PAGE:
By: Debra Kabalkin on April 23rd, 2014

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Cost of Bullying in the Workplace

Best Practices | Employee Relations

Workplace bullying is a problem that has gotten a great deal of attention lately because of the NFL case involving a Miami Dolphins player who walked away from the team due to alleged harassment from his peers, and co-workers in October 2013.  An independent investigation was recently completed and released verifying the player’s claims that he was in fact bullied by his teammates.

According to the WBI (Workplace Bullying Institute) bullying is repeated, health-harming mistreatment of one or more persons (the targets) by one or more perpetrators that takes the following forms:

  • Verbal abuse
  • Offensive conduct/behaviors (including nonverbal) which are threatening, humiliating, or intimidating
  • Work interference — sabotage — which prevents work from getting done

Some startling statistics are that 27% of Americans feel they have suffered abusive conduct at work and that 72% are aware that bullying is occurring and do nothing about it. 1

So how can you spot a bully at the office? By identifying the signs, such as:

  • Deliberately sabotaging or impeding work performance
  • Swearing in public or private
  • Publicly humiliating a co-worker
  • Persistently criticizing an employee’s performance or appearance
  • Talking behind the backs of co-workers
  • Spreading rumors and gossip.

Cost of Bullying to your company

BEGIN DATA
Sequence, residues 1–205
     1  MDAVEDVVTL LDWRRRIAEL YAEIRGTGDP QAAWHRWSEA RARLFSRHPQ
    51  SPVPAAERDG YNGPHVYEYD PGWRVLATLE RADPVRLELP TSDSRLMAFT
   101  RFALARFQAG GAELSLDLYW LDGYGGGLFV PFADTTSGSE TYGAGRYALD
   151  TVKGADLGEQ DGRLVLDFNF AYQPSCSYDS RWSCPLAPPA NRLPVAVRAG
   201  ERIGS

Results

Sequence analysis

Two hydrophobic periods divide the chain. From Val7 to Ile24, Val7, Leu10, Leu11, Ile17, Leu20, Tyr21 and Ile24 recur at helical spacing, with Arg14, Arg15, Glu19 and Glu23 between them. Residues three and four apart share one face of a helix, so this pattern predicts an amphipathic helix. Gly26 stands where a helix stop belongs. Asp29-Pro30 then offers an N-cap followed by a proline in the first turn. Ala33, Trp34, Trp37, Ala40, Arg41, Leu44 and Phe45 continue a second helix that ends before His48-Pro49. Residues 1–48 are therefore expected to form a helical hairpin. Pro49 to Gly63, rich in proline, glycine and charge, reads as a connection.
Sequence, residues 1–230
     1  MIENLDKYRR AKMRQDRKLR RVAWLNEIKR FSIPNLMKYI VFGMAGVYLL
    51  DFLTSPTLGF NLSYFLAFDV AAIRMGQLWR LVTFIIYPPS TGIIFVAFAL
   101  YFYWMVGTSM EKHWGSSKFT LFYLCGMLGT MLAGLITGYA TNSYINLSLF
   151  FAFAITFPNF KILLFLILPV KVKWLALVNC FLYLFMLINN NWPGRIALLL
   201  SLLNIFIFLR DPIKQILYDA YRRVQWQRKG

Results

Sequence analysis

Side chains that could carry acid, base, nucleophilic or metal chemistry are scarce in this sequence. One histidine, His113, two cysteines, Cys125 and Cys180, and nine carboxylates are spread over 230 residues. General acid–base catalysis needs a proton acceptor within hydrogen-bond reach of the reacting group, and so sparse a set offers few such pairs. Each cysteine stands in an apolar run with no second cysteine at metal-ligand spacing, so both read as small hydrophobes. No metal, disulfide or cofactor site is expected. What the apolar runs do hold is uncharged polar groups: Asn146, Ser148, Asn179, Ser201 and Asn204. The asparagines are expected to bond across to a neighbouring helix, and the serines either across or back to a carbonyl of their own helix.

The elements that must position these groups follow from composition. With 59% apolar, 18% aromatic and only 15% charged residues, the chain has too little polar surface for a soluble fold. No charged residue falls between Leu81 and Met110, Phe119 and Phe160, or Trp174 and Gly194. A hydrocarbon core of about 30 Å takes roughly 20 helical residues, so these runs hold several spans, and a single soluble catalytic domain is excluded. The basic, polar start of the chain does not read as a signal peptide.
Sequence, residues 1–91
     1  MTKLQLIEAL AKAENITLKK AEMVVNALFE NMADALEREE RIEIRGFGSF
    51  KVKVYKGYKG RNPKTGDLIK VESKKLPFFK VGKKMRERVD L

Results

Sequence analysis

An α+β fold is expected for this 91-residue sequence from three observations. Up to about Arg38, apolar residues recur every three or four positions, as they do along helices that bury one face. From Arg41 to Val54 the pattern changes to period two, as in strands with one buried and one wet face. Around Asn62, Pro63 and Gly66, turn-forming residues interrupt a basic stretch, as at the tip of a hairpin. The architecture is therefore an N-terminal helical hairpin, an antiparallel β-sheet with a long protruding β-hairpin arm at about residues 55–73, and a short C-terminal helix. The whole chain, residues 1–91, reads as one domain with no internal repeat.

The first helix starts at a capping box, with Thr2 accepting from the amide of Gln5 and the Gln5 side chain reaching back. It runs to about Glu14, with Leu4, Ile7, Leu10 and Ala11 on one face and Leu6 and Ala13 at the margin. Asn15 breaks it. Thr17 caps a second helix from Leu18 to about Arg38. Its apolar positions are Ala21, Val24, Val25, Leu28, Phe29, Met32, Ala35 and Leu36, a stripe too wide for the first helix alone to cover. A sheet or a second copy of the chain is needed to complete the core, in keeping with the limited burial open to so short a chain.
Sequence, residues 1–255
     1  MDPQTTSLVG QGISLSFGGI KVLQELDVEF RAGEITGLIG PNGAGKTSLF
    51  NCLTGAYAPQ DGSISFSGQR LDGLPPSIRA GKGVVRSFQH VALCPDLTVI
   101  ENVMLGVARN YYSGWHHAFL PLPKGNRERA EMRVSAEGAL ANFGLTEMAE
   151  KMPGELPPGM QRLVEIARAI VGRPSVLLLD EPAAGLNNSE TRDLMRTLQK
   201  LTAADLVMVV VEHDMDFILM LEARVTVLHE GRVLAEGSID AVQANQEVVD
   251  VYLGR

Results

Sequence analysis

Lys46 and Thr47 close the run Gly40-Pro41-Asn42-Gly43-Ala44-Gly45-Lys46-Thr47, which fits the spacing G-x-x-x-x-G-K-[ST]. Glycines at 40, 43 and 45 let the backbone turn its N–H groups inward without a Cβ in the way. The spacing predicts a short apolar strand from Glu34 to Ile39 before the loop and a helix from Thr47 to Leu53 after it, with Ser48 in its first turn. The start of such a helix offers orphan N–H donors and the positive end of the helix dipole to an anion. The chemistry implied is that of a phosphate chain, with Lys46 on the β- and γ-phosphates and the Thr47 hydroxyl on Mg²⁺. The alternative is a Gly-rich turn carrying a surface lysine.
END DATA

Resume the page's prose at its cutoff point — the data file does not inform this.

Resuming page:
The actual dollar cost of bullying can’t be quantified however the hidden costs are real. Some of the costs can be attributed to:

  • Lost productivity – when an employee is unhappy their work productivity tends to suffer.
  • Lost Time – if an employee is under a lot of stress they may call in sick to avoid going to work.
  • Employee Turnover – If an employee is miserable at their job they may feel they have no choice but to quit; which can also lead to allegations of constructive discharge.
  • The Employee May Tarnish the Company’s Reputation - With social media outlets like GlassDoor for example, employees can post negative things about a company and/or its employees; this can cause potential vendors or prospective recruits from looking at your company.

Currently there are 26 states which have bills called “Healthy Workplace Bills” to prevent bullying in the Workplace” but unfortunately there are no Federal or State laws on the books as long as it is not considered harassment.

1. February 25th, 2014  -  2014 WBI U.S. Workplace Bullying Survey results